Group Room/Med Briefs
Well, after a few frustrating attempts with my browser and getting the
RealAudio Plug-in to work, I was able to connect to the Web site that
picked up the "Group Room" broadcast for those of us not in an area where
it could be heard on the radio. Anyway, while Janice and I were listenting,
I called in (cell phone, thank goodness it was a 1-800 number) and I
actually got on the program after being on hold almost 45 minutes. It was
really neat, I got to ask Dr. Wendy Harpham a question and got to thank
Ellen Cohen and her on the air.
Anyway, Wendy brought up the 'mailing list' (us) and asked if I had heard
of the CFL. I told her they were on the list and if people were interested
in an information only mailing list on low grade lymphoma they could access
it at the LRFA's website.
Anyay, my question was on what Wendy thought of allogeneic BMTs
specifically for low grade lymphoma. She said she wasn't an oncologist and
allogeneic BMTs were not an option for her since she wasn't a match. Then
the resident oncologist, Dr. Michael added that allogeneic BMTs were pretty
much unproven and too toxic. I THINK Ellen interrupted at that point and
said that in fact there have been studies that show that it could be the
only 'curative' protocol out there for low grade NHL.
I don't have the exact transcript but I am guessing she was talking about
several of the studies that most of us have seen on NHL-low. I think we
picked up a few more subscribers to nhl-low and it was exciting and a
thrill to talk to Ellen and Wendy. Wendy found out just last Friday her
blood tests "weren't quite right." Ellen is in the middle of treatment.
REMARKABLE women for going on and doing a talk show on lymphoma, given
Welcome new subscribers: 209
If you go to the Vital Options (Group Room) home page via www.lymphoma.org,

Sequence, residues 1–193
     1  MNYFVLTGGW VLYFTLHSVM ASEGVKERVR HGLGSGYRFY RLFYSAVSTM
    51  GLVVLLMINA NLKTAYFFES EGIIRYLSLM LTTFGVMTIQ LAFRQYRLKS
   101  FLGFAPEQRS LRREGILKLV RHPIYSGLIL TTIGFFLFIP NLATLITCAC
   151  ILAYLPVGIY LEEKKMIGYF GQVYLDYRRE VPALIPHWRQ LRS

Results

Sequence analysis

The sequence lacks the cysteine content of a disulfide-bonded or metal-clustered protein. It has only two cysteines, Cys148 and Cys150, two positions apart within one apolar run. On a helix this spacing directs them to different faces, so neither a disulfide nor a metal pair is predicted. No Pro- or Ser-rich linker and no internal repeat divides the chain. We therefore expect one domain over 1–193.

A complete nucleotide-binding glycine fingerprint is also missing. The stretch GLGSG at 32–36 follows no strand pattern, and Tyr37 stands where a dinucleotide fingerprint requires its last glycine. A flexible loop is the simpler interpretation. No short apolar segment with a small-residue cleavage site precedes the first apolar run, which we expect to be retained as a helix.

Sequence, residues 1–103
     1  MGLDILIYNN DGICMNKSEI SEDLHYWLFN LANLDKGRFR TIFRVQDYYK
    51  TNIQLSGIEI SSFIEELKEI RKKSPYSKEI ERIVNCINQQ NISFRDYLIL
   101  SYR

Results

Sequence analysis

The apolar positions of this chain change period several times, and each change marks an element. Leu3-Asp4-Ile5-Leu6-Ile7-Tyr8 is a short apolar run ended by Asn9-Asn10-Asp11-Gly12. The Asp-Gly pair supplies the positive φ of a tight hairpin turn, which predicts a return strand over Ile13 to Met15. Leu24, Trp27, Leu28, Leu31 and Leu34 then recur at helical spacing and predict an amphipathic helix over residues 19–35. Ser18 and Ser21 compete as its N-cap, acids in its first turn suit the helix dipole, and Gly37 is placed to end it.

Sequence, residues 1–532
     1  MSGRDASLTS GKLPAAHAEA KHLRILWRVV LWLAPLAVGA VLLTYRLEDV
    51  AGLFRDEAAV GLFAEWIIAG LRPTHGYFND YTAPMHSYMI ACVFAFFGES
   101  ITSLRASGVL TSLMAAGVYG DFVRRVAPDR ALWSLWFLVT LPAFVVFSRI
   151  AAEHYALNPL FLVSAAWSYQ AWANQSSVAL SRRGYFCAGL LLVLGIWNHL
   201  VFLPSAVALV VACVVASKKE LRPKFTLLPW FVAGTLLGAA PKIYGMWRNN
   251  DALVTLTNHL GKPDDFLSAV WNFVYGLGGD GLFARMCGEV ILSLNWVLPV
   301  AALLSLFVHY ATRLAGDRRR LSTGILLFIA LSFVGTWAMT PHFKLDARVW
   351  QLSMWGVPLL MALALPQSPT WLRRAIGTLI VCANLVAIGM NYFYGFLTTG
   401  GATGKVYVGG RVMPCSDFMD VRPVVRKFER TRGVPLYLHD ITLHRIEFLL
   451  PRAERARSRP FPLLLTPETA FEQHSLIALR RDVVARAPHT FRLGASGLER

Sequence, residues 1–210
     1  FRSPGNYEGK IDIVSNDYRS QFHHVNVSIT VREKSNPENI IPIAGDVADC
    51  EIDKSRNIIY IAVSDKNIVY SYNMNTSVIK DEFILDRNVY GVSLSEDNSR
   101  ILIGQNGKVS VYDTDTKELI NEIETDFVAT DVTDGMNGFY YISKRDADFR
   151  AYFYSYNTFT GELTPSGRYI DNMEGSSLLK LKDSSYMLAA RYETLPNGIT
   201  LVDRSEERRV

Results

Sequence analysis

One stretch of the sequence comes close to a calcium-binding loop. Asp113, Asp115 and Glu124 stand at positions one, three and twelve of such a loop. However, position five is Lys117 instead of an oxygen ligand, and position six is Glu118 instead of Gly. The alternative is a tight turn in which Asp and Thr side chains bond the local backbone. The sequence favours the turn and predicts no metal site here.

good luck trying to e-mail them, none of the e-mail addresses work.
Bone marrow transplants for chronic myeloid leukemia
A new study concludes that bone marrow transplants from
unrelated tissue matched donors may be safely used to treat some patients
with chronic myeloid leukemia (CML).
- CML has been thought to be curable using only hematopoietic
stem-cell transplantation, using marrow from siblings with matching tissue.
- researchers at the Fred Hutchinson Cancer Research Center
in Seattle, Washington, report that a study of 192 patients with chronic
received marrow transplants from unrelated donors found that graft failure
occurred in 5% of patients within five years of transplant, rate similar to
that seen among recipients of marrow from siblings.
- authors further note that survival was improved among
participants through the prophylactic use of the drugs fluconazole and
- the study is in The New England Journal of Medicine
MedBriefs (INC inc.) 4/3/98
Increasing the efficacy of chemotherapy
Researchers say antisense DNA may increase the efficacy of
chemotherapy drugs, and help shrink or eliminate tumors in mice that are
derived from human melanoma cells. Researchers used the single strand of
genetic material that can bind to and effectively "cancel out" production
of certain targeted proteins (antisense DNA) by directing it at a molecule
that helps cancer cells avoid apoptosis and found that the treatment
increased the efficacy of the chemotherapy drug dacarbazine by causing
tumors to disappear completely in three out of six animals. Apoptosis is
the cell-suicide program that normally keeps cells from growing out of
control and many chemotherapy drugs work by inducing this process.
Researchers at the University of Vienna in Austria worked in collaboration
with San Diego-based Genta Inc. and the University Hospital in Leiden, The
Netherlands. Researchers say the therapy may work for other types of
cancers including breast, lung, gastric, colorectal and
prostate. Reported in the journal Nature Medicine (1998;4:232-234).
MedBriefs (INC inc.) 3/31/98
Mechanism by which cancer cells invade bone
Researchers say they have determined how cancer cells invade bone.
Researchers at the University of Michigan in Ann Arbor say some cancer cells